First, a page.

In the pre-dawn hush the morning we were due to leave the marina and go back into the Ashby Canal, the spire of St. Margaret's again caught my eye. As first light broke I sat staring out the window at the pointed tower thinking of twenty thousand troops preparing for battle the morning of August 22nd, 1485.
The very same spire was the main sight on the horizon for all those men as they heaved to, gearing up for war. On the early morning breeze I listened with my eyes closed. I could hear men shouting, chain mail and weapons clanking and horses snorting and neighing as knights mounted, shields in place. Soldiers buckled their helms and tried their longbows. Infantrymen fell in as their footsteps tolled the march to battle.
|St. Margaret's spire in the pre-dawn hours...|
|As dawn assembles so too do the sounds of an ancient battle...|
|How many of those men looked in the first rays of an August morning, to the spire of St. Margaret for reassurance?|
The archers could use their longbows to good effect at 250 yards. As they closed they proved themselves deadly, firing 15 arrows a minute, the hardened heads of the shafts penetrating the leather tunics of the soldiers and, at closer range the armour of the knights.
The watchers with the sharpest eyes could see the various sections of the armies as they closed or fell back. One shouted he could see the King on his white courser. He even claimed to see the sun sparkle on his golden crown." (Courtesy of the Trust of Thomas Barton, accessed online, 12/24/2012 at http://www.stokegolding.co.uk/history/watchers_on_the_tower.htm).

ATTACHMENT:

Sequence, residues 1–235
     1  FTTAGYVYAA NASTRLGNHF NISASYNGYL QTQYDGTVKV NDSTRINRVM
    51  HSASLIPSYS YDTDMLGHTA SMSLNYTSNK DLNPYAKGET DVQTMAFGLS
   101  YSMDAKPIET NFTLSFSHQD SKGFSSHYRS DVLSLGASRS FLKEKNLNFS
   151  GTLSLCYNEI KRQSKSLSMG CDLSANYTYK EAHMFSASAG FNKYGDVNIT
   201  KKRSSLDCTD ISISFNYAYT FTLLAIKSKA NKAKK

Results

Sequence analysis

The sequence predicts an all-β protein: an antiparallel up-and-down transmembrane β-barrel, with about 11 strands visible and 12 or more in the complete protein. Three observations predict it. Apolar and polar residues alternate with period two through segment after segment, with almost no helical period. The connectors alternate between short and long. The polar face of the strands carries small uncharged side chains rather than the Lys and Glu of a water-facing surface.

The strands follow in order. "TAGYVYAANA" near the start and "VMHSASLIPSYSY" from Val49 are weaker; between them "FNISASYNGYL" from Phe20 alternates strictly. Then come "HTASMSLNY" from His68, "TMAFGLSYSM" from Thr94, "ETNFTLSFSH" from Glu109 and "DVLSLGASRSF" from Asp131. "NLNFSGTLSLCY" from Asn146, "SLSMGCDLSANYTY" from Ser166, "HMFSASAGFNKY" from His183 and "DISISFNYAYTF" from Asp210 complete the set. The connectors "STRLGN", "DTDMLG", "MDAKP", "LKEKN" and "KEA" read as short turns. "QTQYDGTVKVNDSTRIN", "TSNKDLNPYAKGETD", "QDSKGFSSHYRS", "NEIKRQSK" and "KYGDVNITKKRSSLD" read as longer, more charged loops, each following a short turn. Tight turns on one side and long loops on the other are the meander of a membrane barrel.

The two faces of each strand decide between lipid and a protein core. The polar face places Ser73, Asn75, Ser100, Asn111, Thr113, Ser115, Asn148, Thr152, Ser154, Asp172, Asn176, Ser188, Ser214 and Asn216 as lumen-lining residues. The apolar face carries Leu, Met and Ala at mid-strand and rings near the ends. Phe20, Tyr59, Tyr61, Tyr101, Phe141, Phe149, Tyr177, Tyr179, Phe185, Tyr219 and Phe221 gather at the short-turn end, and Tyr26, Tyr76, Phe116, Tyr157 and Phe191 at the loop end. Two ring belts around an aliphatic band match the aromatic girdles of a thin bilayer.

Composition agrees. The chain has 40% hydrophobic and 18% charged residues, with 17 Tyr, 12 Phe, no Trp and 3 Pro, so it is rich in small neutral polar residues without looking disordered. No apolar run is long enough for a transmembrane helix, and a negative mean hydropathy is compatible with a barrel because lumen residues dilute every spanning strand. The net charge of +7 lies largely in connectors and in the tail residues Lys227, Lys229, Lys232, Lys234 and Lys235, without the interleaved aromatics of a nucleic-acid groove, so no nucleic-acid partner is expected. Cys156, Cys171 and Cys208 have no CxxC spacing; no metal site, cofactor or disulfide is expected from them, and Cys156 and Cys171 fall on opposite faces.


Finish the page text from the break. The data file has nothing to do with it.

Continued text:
After ninety minutes of combat it appeared the King had routed Henry's soldiers; suddenly the tide of conflict turned and Richard was overwhelmed. He went down and never rose again. Thirty years of conflict died on the fields of Redemoor with Richard Plantagenet and a new royal dynasty was born.
Henry and his men moved up into a Stoke Golding farmyard to rest while the dying were dispatched with a dagger under chain mail and the dead were carried off the field to be buried in mass graves in Stoke Golding and Dadlington. Henry's troops sustained a loss of approximately 100; Richard's army lost over 1000 men.
|The canal is just below and past the hedge about 2000 yards. Crown Hill Farm.|
|Blue plaques throughout the village commemorate sites of historical importance thanks to the Charity of Thomas Barton.|
For me history is still alive in the village of Stoke Golding, where one Thomas Barton, local man, established a trust July 10th, 1400 by deedpoll to make funds available to repair the local roadways in benefit of commerce. The trust, ruled by seven trustees, owned considerable acreage and a few homes in and around the area from which it received revenues. Poor management almost saw Barton's Trust bankrupted in the 1600's. In 1929 the oversight of this trust was ceded to the Stoke Golding Parish Council which has sold some properties in the charity's portfolio to provide investment funds. "With roads and pavement repairs being the responsibility of local and county councils, it was decided by the Trustees to ask the Charity Commissioners for a new order to be made to allow the Trustees to spend interest from their investments for the general benefit of all the people of Stoke Golding. This Order was granted on 17 July 1992 and thus, the generous endowment by Thomas Barton in 1400 celebrates its 600th anniversary on 10 July 2000 by still providing benefits for the village community." (Narrative by Denis Cash; The Charity of Thomas Barton, copyright reserved, 1999.)
A once king, a future king, and a common man. So much history has marched on the roads Master Barton funded for repair and upkeep. I too, have trod their way and while I am nobody important, a bit of me mingles ever after in Stoke Golding with the breath of kings and commoners who oversaw a slice of this country's history.
|Dawn on The Ashby Canal at Stoke Golding; St. Margaret's spire on Crown Hill.|